securities for the liberties of the people. New-York, in another particular, display- It produced a more general diffusion of ed political sagacity superior to her neigh- political knowledge, but made more smatbors. This was in her council of appoint- terers than adepts in the science of government, consisting of one senator from each ment. of her four great election districts author- As a farther security for the continuance ized to designate proper persons for filling of republican principles in the American vacancies in the executive departments of constitution, they agreed in prohibiting all government. Large bodies are far from hereditary honors and distinction of ranks. being the most proper depositories of the It is not easy to define the power of the power of appointing to offices. The assidu- state legislatures, so as to prevent a clashing ous attention of candidates is too apt to bias between their jurisdiction and that of the the voice of individuals in popular assemblies. general government. On mature deliberaBesides, in such appointments, the responsi- tion it was thought proper, that the former bility for the conduct of the officer is in a should be abridged of the power of forming great measure annihilated. The concur- any other confederation or alliance of layrence of a select few on the nomination of ing on any imposts or duties that might inone, seems a more eligible mode for securing terfere with treaties made by congress—or a proper choice, than appointments made ei- keeping up any vessels of war, or granting ther by one, or by a numerous body. In the letters of marque or reprisals. The powers former case there would be danger of favor- of congress were also defined. Of these itism; in the latter, a modest unassuming the principal were as follows: To have the merit would be overlooked, in favor of the sole and exclusive right of determining on forward and obsequious.

peace and war-of sending and receiving A rotation of public officers made a part ambassadors of entering into treaties and of most of the American constitutions. Fre-alliances-of granting letters of marque quent elections were required by all, but and reprisals in time of war-to be the last several proceeded still farther, and deprived resort on appeal in all disputes between two the electors of the power of continuing the or more states-to have the sole and exclusame office in the same hands, after a spe- sive right of regulating the alloy and value cified length of time. Young politicians of coin-of fixing the standard of weights sudo called from the ord ry walks of and measures-regulating the trade and life, to make laws and institute forms of managing all affairs with the Indiansesgovernment, turned their attention to the tablishing and regulating post-offices-to histories of ancient republics, and the wri- borrow money or emit bills on the credit of tings of speculative men on the subject of the United States—to build and equip a government. This led them into many er- navy—to agree upon the number of land rors, and occasioned them to adopt opinions, forces, and to make requisitions from each unsuitable to the state of society in America, state for its quota of men, in proportion to and contrary to the genius of real republic- the number of its white inhabitants. anism.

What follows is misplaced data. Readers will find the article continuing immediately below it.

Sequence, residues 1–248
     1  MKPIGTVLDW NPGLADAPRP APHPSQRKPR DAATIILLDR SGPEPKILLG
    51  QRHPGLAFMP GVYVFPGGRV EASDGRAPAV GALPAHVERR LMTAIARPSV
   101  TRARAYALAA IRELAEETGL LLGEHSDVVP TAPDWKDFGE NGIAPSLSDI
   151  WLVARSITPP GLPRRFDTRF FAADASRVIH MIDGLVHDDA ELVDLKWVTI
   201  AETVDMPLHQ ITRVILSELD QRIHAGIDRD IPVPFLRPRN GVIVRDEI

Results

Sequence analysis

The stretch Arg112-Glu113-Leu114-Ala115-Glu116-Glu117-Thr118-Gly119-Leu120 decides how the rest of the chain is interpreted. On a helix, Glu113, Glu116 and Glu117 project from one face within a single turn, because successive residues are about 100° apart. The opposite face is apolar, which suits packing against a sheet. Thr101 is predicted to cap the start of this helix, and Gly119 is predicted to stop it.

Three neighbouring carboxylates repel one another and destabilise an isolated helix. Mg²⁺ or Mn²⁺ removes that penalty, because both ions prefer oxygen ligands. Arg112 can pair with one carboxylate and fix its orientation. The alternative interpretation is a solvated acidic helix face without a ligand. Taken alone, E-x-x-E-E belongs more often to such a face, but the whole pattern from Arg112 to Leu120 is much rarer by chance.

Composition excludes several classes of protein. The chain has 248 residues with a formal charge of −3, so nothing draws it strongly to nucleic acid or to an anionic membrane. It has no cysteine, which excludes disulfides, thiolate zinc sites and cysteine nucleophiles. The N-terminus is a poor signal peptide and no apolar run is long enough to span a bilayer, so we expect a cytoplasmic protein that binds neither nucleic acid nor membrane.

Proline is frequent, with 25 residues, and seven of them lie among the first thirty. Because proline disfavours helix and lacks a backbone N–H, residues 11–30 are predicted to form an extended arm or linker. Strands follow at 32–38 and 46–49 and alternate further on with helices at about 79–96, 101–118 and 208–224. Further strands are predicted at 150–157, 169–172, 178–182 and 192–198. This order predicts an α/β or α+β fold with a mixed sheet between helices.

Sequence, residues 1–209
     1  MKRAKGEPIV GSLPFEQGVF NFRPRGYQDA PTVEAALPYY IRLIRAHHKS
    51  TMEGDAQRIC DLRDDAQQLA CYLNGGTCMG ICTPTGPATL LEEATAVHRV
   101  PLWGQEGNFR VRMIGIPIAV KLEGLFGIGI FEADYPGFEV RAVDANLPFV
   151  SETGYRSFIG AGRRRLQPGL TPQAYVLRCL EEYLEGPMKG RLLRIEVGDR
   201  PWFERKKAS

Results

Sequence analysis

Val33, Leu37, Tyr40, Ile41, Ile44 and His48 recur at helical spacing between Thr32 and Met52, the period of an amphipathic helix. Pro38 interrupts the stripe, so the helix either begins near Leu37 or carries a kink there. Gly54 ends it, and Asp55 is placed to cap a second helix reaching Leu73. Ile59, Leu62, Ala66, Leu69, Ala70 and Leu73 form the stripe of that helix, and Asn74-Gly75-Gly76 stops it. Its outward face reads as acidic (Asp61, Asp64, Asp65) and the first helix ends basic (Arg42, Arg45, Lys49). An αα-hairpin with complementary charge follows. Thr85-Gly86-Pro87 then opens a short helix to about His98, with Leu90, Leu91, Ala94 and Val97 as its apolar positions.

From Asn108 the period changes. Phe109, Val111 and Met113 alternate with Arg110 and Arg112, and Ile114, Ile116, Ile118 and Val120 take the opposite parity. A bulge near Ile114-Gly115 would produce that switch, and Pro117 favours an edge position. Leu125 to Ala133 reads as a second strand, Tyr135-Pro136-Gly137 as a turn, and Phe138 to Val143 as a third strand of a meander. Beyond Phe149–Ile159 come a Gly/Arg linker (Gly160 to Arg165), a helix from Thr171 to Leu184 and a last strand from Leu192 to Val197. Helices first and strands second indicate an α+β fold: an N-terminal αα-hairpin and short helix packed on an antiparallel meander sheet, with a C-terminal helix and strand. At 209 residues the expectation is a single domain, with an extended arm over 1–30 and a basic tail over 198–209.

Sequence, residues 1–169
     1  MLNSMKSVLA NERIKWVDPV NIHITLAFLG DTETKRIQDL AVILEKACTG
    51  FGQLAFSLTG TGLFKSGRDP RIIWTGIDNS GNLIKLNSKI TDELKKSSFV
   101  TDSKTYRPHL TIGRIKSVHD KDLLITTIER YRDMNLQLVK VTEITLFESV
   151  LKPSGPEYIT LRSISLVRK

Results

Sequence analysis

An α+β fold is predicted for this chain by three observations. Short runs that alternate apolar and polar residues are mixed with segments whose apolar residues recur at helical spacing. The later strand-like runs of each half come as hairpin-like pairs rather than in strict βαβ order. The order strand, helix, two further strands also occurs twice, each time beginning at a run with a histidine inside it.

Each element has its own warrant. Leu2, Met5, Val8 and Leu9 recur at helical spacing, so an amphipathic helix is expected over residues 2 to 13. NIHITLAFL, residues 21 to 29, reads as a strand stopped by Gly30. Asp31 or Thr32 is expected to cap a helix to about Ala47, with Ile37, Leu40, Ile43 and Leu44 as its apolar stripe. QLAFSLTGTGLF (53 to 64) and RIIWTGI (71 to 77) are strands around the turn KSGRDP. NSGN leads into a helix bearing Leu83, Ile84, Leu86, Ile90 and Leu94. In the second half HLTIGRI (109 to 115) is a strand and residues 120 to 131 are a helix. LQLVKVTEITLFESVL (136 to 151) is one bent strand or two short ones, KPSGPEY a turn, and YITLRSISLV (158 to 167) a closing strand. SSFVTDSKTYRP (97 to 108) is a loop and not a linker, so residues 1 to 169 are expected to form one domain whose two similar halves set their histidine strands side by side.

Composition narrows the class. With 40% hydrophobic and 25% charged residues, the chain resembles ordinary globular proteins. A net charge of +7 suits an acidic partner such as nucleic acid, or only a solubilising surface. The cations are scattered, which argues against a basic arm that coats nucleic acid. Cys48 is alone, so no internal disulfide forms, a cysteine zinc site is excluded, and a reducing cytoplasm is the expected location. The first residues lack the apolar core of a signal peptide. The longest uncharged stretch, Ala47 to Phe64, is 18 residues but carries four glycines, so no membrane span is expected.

On the fourth day after the arrival of the

British off Sandy Hook, congress ratified, which had resulted from their having been the declaration of independence; it was permitted to land and fortify themselves in published at the head of the American ar- Boston. The sudden commencement of hosmy, and though they were eye-witnesses tilities in Massachusets, together with the of the immense force which was preparing previous undisturbed landing of the royal to act against them, both officers and pri- army, allowed no time for deliberating on a vates gave every evidence of their hearty system of war. A change of circumstances approbation of the decree which severed the indicated the propriety of fixing on a plan colonies from Great Britain, and submit- for conducting the defence of the new-formted to the decision of the sword, whether ed states. On this occasion general Washthey should be free states or conquered prov- ington, after much thought, determined on a inces.

war of posts. This mode of conducting PREPARATIONS FOR THE DEFENCE OF. military operations gave confidence to the NEW-YORK.

Americans, and besides, it both retarded and It had early occurred to general Wash- alarmed their adversaries. The soldiers in ington, that the possession of New-York the American army were new levies, and would be with the British a favorite object. had not yet learned to stand uncovered beIts central situation and contiguity to the fore the instruments of death; habituating ocean enabled them to carry with facility them to the sound of fire-arms, while they the war to any part of the sea-coast. The were sheltered from danger, was one step possession of it was rendered still more towards inspiring them with a portion of valuable by the ease with which it could be mechanical courage. The British rememmaintained. Surrounded on all sides by bered Bunker's Hill, and had no small reverwater, it was defensible by a small numberence for even slight fortifications, when deof British ships, against adversaries whose fended by freemen. From views of this whole navy consisted only of a few frigates. kind, works were erected in and about NewHudson's river being navigable for ships of York, on Long-Island, and the heights of the largest size to a great distance, afford- Haerlem. These, besides batteries, were ed an opportunity of severing the eastern field redoubts, formed of earth, with a parafrom the more southern states, and of pre- pet and ditch. The former were sometimes venting almost any mmunication between fraised, and the latter palisadoed, but they them.